The only thing I didn’t like was the fictional family that they follow throughout the show. The parents seem helpless. The oldest child seems aware of what is going on and prefers books to screens, but acts with more authority than the parents because she seems to know better. The two younger children are swept up in the rabbit holes and “likes” obsessions. And the ending is a little dire. I kept thinking, we have more tools as parents than what is presented. There are ways to keep up with what your kids are seeing online. When the girl smashes the compartment, the next scene shows her still having a phone. I mean, what the heck?
Still, this documentary is a good one to watch, even if it just lends a little more self-awareness to what you are doing online. There are a lot of things available now to track your intake and what exactly you are taking in. So I definitely recommend this one.
There is profanity in this film. No sexual content. One of the fictional children struggles with her looks. All the violent content are videos of riots and fighting, as well as a riotous protest in the fictional family story.
I don’t usually come out and say this at the beginning, but if you haven’t paid the extra 30 dollars to watch this movie yet, please wait until December when it comes to all Disney+ patrons.
I didn’t see the animated version of this movie, like I had with Beauty and the Beast and Cinderella – both live action movies I really enjoyed. But I knew that it wasn’t going to be a scene by scene remake of that movie, sticking closer to the actual mythology behind Mulan. So, I was excited to see them dig into Chinese culture and history, and they did, sort of.
The beauty of this film is impeccable. The cinematography, sweeping landscapes (at times, more on that later), and costumes are utterly gorgeous. Even some of the martial arts, especially a sword demonstration by Commander Tung, was absolutely spectacular.
The plot didn’t have a lot of depth to it. It really honed in on the fact that this world was very sexist. Women were not much more than marriage negotiations. Being in the army, being different in any way, was basically a death sentence to most women. But it wasn’t developed much beyond the surface level.
Mulan grows up in a family with no sons, and her father dotes on her, recognizes her gifts in Chi (didn’t really quite understand what chi meant in this movie – but it seemed to have something to do with magic, or at least natural athletic skill?). As she grows up into a woman, she is discouraged from exhibiting this Chi. When a decree goes out that one man from each family must fight in this war, Mulan manages to sneak out in order to save her ailing father from certain death.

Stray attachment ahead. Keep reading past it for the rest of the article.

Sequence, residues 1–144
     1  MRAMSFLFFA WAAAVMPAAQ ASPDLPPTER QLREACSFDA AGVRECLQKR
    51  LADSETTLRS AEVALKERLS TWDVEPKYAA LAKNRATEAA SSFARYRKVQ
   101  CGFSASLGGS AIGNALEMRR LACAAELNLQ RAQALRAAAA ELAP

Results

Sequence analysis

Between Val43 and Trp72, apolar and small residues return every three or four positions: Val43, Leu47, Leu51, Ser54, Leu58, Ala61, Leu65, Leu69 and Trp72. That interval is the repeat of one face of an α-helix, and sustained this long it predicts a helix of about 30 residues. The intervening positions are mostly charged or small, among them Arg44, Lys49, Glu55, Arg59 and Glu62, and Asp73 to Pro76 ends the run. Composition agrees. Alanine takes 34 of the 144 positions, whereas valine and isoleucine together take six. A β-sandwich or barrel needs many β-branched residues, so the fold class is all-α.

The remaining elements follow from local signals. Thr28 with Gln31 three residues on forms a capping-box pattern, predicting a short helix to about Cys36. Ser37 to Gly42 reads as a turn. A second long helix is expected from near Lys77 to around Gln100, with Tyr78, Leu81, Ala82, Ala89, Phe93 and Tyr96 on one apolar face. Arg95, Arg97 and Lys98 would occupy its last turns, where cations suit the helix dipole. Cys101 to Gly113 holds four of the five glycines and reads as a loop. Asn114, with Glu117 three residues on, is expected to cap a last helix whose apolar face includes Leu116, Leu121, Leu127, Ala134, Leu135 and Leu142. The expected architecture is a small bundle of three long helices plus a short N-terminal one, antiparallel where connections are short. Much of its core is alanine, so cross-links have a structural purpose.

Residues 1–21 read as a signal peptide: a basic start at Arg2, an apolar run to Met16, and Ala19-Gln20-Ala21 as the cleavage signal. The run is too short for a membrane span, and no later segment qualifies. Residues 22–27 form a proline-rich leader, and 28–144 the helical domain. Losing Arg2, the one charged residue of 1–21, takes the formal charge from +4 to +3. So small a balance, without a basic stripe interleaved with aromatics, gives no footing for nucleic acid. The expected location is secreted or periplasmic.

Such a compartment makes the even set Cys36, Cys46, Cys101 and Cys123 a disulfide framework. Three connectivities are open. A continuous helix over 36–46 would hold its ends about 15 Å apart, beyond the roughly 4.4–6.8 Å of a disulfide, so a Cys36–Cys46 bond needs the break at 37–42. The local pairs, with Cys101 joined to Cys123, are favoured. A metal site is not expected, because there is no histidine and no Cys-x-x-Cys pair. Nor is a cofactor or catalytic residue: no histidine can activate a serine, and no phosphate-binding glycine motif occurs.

In the training camp, she flourishes. But she must hide who she really is, which leads to a montage of fighting sequences and her evading group bath time. There was a lot of comments on how much she stank. There was also a conversation about what kind of girls they all like, and it was all pretty much the stereotype about what boys only think about (she has to be pretty, she has to cook well). The whole movie was filled with stereotypes.
About the sets. There were some beautiful, sweeping landscapes in this movie. And then it would switch to a market scene that looks borrowed from the first Descendants film (a made for tv movie by Disney). The effect was a little jarring and took me out of the action. For a movie that originally was set to be seen in theaters as a blockbuster, it felt at times a little low budget.
And there was a lot of the resolution that made no sense (don’t worry, I won’t spoil it). Minds are quickly changed even though all of these people are raised to believe one thing about women. The transformation in characters just didn’t make sense. Outside of Mulan, there seemed to be very little actual character development (like how one character would get from point a to point b). Everything was rushed to move the story along.
Maybe I’m not this movie’s demographic which could be the reason that the movie wasn’t the right fit for me. But for a studio that has access to the worlds of Marvel and Star Wars, I’m just a little disappointed in the story-building in this film. And I’m not even really comparing it to those franchises, but to similar films like the ones I mentioned above (Cinderella and Beauty and the Beast). There was more character depth and backstory in those movies that I felt was missing in this film. Still, with all its problems, I did find it beautiful and definitely a good film to watch on family movie night, just not with the extra 30 dollar price tag.
There is no profanity in this movie. It is Disney. Sexual content mainly consists of one moment where she is bathing in a lake and another male character joins her but nothing is revealed and the man walks away without knowing she is a girl. There is no kissing at all, and only a hint of a romantic interest, but not really. Violent content does include some fighting, but it is all sanitized. There is a moment when they walk through a field of dead soldiers, but it isn’t in the least gory, the men could all be asleep and it would look the same. One character does get shot with an arrow, but again, very sanitized death.